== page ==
That's why it is illegal in Germany to show prices without VAT until explicit consent that the deal is between businesses.

I'm still not convinced that Wifi is the right platform for this! Especially when battery powered. You want instant reactions of your actuators. So any sleep strategy is a bad compromise.

But DIY zigbee components showed up on the horizon:

I'm not promoting homematic (= EQ3) but for me they tick(ed) most of the important marks. Biggest downside of the older models I own is that they are not water resistant in any way. And guess what most of us doing with windows sometimes (according to my wife: Not often enough). Good bye one of the valves :disappointed_relieved:

As I currently transforming from wifi (I then use only for my DIY devices where there is no of the shelf component) to zigbee (Thank you IKEA for picking home automation devices to trick us into there stores - perhaps not making any profit on these). I now tested around 10 devices for 1 year and I'm quite happy. Especially with the mesh network reaching all corners).
So for the remaining 10 or so valves I'll give zigbee a chance (but still looking for the right device). But the afford of hacking 20 or so devices is not worth the money saved. But I don't use wifi devices with stock firmware because they have access to the whole world and easily include unwanted "features"

Yes, the price is why I've only purchased shelly devices in their sales.

I would agree. One thing to note if going down a DIY route though is to watch out for the Zigbee licensing. There is some talk that it isn't free. Don't know if that is true and whether it makes a difference but worth keeping an eye on. Also, because Zigbee seems to use different embedded processors, you can't just use Arduino programming.


To be honest, if you were looking to fit out a whole house, I would be highly tempted to spend the money on a commercial, integrated system like the Wiser or Evohome. Both of which (and there may now be others) can be integrated to home automation systems. Both of which come with "proper" boiler controllers that work in sync with the TRV's to get the best out of the whole system. They are generally really easy to fit, especially if you already have a standard controller wall plate for your existing boiler controls. In my case (with the Wiser), it was litterally a case of unclipping the old controller and clipping the new one in place.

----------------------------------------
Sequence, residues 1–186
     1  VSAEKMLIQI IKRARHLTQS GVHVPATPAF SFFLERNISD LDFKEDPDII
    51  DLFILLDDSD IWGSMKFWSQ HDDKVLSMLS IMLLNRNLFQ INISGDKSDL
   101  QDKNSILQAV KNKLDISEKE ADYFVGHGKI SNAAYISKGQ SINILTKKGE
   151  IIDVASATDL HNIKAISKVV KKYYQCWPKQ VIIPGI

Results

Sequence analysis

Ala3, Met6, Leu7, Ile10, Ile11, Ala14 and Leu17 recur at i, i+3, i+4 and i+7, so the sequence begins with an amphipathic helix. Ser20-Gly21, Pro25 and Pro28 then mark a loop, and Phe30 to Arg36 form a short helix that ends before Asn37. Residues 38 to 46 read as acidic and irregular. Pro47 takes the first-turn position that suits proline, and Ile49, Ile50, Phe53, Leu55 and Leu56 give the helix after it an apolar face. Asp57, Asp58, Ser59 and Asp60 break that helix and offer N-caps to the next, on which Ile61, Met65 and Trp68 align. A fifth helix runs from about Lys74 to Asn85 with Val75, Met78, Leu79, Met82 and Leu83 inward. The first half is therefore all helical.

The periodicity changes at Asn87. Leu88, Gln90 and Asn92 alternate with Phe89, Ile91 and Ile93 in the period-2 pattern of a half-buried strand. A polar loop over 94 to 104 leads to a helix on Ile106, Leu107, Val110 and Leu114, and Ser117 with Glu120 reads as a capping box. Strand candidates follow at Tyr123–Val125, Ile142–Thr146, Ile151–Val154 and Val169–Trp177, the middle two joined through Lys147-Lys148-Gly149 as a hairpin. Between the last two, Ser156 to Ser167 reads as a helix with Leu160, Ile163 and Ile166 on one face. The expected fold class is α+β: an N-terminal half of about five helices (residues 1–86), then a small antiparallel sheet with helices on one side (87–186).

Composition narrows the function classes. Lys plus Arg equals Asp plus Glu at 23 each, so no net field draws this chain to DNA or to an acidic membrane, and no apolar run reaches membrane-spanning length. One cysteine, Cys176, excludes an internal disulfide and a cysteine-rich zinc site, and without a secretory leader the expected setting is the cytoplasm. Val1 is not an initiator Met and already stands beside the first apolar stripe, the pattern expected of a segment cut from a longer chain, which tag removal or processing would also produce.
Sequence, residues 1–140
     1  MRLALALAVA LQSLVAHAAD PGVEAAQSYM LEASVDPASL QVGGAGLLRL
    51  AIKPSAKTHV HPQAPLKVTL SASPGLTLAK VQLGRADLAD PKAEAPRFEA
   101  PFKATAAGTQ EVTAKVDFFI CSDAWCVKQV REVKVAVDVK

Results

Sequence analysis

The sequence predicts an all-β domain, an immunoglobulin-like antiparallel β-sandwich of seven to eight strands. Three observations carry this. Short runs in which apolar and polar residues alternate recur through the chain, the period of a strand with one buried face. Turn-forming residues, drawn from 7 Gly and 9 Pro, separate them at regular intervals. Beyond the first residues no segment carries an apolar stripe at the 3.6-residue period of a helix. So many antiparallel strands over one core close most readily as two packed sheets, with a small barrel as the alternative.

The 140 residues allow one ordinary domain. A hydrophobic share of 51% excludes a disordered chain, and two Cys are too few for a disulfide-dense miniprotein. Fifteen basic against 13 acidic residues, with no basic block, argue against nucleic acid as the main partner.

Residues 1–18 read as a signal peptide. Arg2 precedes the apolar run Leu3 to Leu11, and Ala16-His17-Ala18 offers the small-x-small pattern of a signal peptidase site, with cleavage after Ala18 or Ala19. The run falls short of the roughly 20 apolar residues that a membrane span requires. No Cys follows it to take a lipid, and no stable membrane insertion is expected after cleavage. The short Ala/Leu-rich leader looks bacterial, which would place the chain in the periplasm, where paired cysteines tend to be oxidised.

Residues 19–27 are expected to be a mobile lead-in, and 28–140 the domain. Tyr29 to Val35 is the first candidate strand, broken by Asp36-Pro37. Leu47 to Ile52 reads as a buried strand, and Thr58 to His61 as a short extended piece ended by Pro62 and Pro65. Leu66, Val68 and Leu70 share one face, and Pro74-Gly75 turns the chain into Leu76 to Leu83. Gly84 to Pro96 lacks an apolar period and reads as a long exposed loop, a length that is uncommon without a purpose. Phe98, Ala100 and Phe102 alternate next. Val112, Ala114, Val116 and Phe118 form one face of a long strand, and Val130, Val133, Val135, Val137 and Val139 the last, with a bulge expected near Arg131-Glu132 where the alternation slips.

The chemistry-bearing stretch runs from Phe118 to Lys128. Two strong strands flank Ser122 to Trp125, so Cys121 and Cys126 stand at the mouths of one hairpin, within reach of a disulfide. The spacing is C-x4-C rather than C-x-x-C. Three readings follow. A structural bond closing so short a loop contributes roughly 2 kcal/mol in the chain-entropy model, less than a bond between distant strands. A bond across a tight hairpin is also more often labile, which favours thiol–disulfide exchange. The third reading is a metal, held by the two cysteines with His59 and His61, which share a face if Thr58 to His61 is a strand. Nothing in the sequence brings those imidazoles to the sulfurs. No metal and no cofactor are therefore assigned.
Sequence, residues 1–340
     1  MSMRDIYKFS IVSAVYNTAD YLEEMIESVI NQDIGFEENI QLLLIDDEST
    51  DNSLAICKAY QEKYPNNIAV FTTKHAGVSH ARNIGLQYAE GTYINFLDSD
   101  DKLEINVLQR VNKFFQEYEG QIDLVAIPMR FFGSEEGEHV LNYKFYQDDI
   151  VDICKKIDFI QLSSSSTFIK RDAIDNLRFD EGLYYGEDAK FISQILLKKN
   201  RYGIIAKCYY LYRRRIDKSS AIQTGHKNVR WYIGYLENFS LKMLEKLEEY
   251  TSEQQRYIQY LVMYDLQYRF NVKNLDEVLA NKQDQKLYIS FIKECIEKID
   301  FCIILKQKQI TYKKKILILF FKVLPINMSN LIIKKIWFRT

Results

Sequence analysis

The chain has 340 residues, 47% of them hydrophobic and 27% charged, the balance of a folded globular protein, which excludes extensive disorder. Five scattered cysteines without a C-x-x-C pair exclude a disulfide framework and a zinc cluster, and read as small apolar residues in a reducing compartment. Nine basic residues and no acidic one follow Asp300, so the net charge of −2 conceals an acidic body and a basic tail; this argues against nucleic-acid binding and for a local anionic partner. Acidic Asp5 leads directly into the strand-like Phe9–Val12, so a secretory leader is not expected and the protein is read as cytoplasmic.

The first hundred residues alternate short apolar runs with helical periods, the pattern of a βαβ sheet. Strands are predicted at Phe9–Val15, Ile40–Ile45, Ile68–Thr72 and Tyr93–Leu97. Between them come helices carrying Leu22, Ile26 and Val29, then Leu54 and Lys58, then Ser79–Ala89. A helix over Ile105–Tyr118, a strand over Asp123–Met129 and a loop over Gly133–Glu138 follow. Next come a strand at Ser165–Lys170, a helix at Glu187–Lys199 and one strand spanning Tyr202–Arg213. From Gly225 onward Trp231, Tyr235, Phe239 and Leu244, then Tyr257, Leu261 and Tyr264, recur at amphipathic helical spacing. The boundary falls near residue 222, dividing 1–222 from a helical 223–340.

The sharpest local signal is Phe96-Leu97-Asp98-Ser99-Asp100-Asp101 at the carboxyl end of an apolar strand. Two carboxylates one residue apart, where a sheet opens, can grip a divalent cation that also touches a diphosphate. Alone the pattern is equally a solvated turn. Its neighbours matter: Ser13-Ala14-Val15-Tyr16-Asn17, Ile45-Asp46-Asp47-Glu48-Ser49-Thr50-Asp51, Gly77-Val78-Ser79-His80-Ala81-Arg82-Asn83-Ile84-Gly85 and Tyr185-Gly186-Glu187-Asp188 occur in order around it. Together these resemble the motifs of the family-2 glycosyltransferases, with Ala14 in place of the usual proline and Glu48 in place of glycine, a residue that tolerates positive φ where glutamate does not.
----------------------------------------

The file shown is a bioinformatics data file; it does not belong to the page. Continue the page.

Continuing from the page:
If you don't go that way, if you are going to fit out many radiators, I'd perhaps get a trial selection of a few different Zigbee TRV's known to be compatible with Zigbee2MQTT. I doubt you could realistically beat the price DIY to be honest as long as you shop around. Get a compatible Zigbee controller dongle and visit Ikea to grab some mains powered Zigbee devices so that you can use them as mesh extenders.

Once you've got your basics set up, I can pretty well guarentee that you won't be wanting to go back to Wi-Fi devices in the future. Of course, with Node-RED and MQTT, that doesn't matter since you can tie everything together anyway as I do across 433MHz, Wi-Fi and Zigbee.

Oh, and I replace the 2xAA batteries in my TRV's about once a year for those devices furthest from the controller (I don't have an extender on my Wiser network). Maybe once every couple of years for those closer to the controller.

One thing to watch out for on TRV's is that the motor torque is sufficient. The Wiser TRV's do sometimes struggle. I find myself occasionally taking one off and doing a full reset and working the pin on the radiator a few times. You would also want to check for noise. Some of the early TRV's I believe were very noisy. I have to say that the Wiser ones are really quiet. So certainly worth getting a few different ones and trialling them if you are going down the independent route.

Noise and torque. Good tips! But makes my search again more difficult... Found here an article about zigbee TRV's in HomeAssistant, but the conclusion about battery life at the bottom is not a happy end.

Seems like it is easier to let a rocket return backwards to earth, compared to building a decent affordable trv...